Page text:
“I ordered flowers for a client a few months ago and apparently to get free shipping I signed up for a monthly membership at freeshipping.com at $12.97 PER MONTH! This is outrageous.“
So writes a customer of RedEnvelope on PissedConsumer.com. Is the FreeShipping.com “subscription shopping service” a good deal or a bad one? The answer depends mainly on whether you signed up for it knowingly or accidentally (some victims say their credit cards were hacked or they were tricked into it). The corridors of the Internet echo with the outraged howls of people who do business with some other company only to discover that they’ve somehow gotten entangled in a FreeShipping.com subscription.
Even the Better Business Bureau seems confused abut FreeShipping.com. They rate it A+ despite eight negative reviews and 125 complaints.
On June 1, 2017, let’s stick our Scam-O-Meter probe in FreeShipping.com and watch the needle. There may be nothing illegal or wrong with the following business practices. But they suggest that the seller is not to be trusted. I’m using my Scam-O-Meter scoring system; -1 means true, +1 means false, and 0 means undetermined. I penalize the seller for statements made by shills.
Ridiculous claims: +1. None found.
Suspicious location: +1. They have a real office, so one credibility point for FreeShipping.com. I dug into the Terms of Service to find this address, PO Box 290728 Wethersfield, CT 06129-0728. But the Better Business Bureau has another address for Clarus Commerce, the operating company: 500 Enterprise Dr Ste 2D, Rocky Hill, CT 06067-3913. Here is their HQ, on Enterprise Drive, nestled against Dividend Brook (coincidental names?).
Onerous terms: -1
- If you cancel a monthly membership, they won’t give you your money back. They will just stop future monthly charges. This policy offers no escape for the people who accidentally subscribed without realizing it.
- They don’t guarantee that products you buy thru their site are fit for any use; nor that anything they say is true.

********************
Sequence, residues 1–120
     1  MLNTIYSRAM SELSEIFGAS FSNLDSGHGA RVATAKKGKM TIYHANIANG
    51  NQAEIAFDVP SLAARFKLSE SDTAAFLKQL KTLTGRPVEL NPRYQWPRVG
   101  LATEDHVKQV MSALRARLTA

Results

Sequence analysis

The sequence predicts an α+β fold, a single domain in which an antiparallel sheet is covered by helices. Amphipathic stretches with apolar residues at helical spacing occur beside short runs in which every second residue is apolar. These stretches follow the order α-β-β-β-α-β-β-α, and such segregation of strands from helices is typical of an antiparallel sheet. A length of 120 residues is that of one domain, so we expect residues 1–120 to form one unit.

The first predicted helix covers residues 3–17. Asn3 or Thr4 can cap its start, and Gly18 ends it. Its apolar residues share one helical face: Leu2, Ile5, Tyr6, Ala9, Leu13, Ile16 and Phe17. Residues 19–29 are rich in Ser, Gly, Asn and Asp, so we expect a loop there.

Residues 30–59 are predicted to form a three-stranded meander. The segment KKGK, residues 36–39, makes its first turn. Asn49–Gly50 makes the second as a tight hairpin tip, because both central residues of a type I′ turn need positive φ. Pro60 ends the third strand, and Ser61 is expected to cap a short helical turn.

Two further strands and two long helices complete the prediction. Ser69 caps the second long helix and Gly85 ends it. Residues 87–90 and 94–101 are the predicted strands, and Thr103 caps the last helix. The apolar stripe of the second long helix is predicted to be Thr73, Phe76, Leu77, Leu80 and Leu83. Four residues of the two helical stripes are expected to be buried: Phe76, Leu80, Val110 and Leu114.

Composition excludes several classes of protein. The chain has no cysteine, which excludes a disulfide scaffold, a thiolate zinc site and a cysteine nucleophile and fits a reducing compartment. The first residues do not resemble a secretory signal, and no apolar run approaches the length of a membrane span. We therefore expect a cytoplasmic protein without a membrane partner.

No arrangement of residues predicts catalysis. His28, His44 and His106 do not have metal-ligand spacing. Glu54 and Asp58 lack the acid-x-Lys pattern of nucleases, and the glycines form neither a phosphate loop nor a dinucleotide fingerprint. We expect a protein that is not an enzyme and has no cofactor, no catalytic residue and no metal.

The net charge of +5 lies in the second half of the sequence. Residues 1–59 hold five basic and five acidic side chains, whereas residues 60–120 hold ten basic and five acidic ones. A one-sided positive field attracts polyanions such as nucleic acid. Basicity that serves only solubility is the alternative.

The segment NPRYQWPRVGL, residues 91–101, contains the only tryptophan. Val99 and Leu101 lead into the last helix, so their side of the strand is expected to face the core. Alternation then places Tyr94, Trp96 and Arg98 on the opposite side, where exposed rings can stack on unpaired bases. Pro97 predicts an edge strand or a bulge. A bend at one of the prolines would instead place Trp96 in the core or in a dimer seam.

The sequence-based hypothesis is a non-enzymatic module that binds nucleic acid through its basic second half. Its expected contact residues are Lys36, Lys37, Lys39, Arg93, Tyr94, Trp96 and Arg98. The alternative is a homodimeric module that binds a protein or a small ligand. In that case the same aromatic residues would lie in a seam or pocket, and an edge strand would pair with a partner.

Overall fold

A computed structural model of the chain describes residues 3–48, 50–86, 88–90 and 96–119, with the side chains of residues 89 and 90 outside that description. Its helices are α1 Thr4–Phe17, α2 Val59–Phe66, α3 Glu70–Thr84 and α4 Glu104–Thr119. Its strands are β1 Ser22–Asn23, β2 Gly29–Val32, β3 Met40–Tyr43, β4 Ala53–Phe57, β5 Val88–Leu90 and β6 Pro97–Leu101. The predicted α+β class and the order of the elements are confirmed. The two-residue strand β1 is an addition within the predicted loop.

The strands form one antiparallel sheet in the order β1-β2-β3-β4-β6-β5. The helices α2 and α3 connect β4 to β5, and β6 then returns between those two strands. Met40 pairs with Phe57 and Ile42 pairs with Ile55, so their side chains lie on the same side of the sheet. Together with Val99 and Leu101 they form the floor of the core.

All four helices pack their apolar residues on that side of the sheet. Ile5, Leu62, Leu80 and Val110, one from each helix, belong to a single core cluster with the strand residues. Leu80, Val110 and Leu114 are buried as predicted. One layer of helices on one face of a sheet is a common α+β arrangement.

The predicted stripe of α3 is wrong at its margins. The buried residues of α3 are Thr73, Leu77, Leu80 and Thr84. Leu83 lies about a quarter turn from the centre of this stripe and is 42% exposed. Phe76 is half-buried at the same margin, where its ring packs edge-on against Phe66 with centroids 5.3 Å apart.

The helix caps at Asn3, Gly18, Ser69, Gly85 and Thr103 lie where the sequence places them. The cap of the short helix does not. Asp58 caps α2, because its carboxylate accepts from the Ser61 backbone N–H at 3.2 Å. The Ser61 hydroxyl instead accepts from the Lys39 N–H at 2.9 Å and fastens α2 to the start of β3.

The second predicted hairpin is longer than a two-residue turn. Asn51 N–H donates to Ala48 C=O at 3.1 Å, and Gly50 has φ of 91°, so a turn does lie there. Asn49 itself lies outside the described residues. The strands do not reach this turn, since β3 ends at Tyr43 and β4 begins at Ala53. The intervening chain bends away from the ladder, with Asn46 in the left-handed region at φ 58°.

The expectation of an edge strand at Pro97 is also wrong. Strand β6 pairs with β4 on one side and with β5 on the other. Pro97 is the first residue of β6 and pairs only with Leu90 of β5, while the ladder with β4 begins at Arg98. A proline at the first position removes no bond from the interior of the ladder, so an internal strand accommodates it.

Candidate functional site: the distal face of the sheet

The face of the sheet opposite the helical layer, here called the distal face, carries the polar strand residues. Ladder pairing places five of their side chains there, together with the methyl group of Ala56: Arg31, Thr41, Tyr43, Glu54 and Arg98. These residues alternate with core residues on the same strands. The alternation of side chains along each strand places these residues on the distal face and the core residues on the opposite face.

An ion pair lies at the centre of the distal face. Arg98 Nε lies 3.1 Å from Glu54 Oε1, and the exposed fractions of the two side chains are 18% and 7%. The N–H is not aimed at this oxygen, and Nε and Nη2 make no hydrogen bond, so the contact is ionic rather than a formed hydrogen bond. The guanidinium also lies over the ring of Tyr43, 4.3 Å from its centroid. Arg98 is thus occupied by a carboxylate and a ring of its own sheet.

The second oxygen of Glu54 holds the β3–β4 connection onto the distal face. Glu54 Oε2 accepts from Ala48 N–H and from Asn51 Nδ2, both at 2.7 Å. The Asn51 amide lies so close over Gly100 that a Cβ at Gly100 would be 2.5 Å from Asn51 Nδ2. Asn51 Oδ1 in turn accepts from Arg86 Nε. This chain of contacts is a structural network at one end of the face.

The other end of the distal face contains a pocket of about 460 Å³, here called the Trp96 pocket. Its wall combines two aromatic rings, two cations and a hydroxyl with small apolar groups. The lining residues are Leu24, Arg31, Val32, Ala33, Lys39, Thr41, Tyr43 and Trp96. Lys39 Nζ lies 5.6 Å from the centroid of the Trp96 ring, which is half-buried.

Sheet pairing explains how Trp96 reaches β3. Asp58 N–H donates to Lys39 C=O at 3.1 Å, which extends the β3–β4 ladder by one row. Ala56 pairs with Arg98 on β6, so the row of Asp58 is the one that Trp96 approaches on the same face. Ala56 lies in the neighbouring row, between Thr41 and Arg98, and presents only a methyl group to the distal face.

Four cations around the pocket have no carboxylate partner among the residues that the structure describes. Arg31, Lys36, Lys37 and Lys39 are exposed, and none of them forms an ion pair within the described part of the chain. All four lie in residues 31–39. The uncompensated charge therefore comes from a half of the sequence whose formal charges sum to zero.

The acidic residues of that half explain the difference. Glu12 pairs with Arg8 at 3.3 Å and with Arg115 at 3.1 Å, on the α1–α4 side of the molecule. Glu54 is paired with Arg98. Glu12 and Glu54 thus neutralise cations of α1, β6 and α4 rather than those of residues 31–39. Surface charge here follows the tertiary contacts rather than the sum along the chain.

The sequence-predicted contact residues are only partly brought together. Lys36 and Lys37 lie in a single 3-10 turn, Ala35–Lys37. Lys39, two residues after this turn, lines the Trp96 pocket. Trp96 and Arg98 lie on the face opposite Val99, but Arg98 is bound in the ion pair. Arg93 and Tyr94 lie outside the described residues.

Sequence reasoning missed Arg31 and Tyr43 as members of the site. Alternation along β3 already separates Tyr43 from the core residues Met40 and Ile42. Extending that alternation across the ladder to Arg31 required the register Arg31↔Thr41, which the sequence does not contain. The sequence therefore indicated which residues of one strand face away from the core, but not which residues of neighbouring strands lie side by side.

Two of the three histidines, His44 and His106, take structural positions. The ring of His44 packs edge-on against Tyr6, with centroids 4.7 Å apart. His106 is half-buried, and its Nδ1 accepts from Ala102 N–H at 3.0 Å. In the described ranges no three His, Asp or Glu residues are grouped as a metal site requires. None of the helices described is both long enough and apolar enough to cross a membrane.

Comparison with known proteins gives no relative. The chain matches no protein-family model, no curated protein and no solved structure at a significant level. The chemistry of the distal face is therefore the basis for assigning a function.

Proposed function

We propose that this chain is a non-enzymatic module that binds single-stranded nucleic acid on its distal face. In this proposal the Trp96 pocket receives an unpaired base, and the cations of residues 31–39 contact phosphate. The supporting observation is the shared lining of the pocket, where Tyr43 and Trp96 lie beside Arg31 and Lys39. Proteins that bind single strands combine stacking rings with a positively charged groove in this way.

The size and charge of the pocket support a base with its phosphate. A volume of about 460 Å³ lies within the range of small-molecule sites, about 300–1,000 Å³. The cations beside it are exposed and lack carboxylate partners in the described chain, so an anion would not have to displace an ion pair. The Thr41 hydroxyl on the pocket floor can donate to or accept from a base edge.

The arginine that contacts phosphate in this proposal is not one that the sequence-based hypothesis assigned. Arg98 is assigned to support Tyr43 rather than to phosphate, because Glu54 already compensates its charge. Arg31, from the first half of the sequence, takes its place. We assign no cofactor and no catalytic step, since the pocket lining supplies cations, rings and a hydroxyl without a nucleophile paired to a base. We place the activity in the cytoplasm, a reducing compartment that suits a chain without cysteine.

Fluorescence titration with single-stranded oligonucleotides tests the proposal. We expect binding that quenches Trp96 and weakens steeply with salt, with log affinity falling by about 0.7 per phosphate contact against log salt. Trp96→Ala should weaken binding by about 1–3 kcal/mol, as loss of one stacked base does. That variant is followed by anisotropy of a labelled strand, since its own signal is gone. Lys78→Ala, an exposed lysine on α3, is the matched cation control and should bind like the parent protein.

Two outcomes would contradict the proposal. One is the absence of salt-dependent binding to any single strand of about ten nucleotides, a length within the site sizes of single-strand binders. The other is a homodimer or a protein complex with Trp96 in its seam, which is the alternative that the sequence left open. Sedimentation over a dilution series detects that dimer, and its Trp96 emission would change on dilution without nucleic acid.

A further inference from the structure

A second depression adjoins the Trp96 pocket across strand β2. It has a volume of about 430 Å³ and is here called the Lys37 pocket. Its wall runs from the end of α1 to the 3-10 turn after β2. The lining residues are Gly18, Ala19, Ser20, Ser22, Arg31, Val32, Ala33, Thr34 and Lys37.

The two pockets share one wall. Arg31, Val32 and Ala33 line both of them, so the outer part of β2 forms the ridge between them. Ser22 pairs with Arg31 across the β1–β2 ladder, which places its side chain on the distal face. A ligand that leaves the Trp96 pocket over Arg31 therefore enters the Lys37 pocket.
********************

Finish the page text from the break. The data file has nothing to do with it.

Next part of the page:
- You can’t sue them, join a class action that’s suing them, or join a group arbitration.
Ads, spam, robocalls: 0. Mild compared to most Privacy Policies I’ve read.
- They’ll use the information you give them, plus what they can suck out of your browser, to spam you. You can opt out.
- They try to get your email address up-front. If you give it, they’ll spam you even if you don’t register for their service.
Lying and deception: 0. Despite the flood of confused, angry victims’ complaints, I see no lying or deception on the site. The real story of how so many people unknowingly fall into their trap is beyond me. Once they’re in it, they do get bled.
Obfuscation: +1. None found.
Crummy product: 0. Experiences vary.
Overpriced: +1. Looks to be in the same range as Amazon Prime.
75% discount: +1. False.
Total score; +5
Unauthorized charges: FreeShipping.com maintains that all charges are authorized. Victims tell a different story. So I’m turning on the CREDIT CARD RISK ALERT red light. This peculiar operation is the highest-rated site I’ve reviewed to get a red light.
From PissedConsumer.com: “Ordered parts from PartsGeek web site. Never linked out to FreeShipping.com however, I just noticed on my credit card statement everytime I placed an order from ParrsGeek Freeshipping.com charged me a $12.97 charge.
Freeshipping.com CS rep stated I had to have filled out their info page and agreed to join their membership program. I informed the CS I never gave anyone my credit card data except Partsgeek. Freeshippping.com refused to credit back the charges but stated they could canceled my ‘Membership’.
Will call my back today and cancel the card and Partsgeek and Freeshipping.com are SCAMS! Buyer beware!”
From RipoffReport.com: “I receive a Walmart Reward by email. At the end of the personal information report I notice it wasn’t free because they ask for my credit card. I close the window. I receive a phone call explaining to me that it was a reward not a price I accept it. I went back to the window and field the blanks of credit info. I never receive the reward. But now I receive two charges of $12.97 from IC FREE SHIPPING. This is a scam they are interfering with people transactions and ilegaly charging money.”
From the Better Business Bureau: “Unbeknownst to me by ordering a lamp from ************* I somehow began having debited amounts of $12.95 a month being billed to my credit card.”
Conclusion: If you shop heavily online but not at Amazon, you might consider signing up for this service. But don’t stumble into it by accepting offers of free shipping on other sites. As an eBay customer posted, “Sometimes it pays not to click a button that looks too good.“
Related: FatWallet.com, “FreeShipping.com; scam or deal?“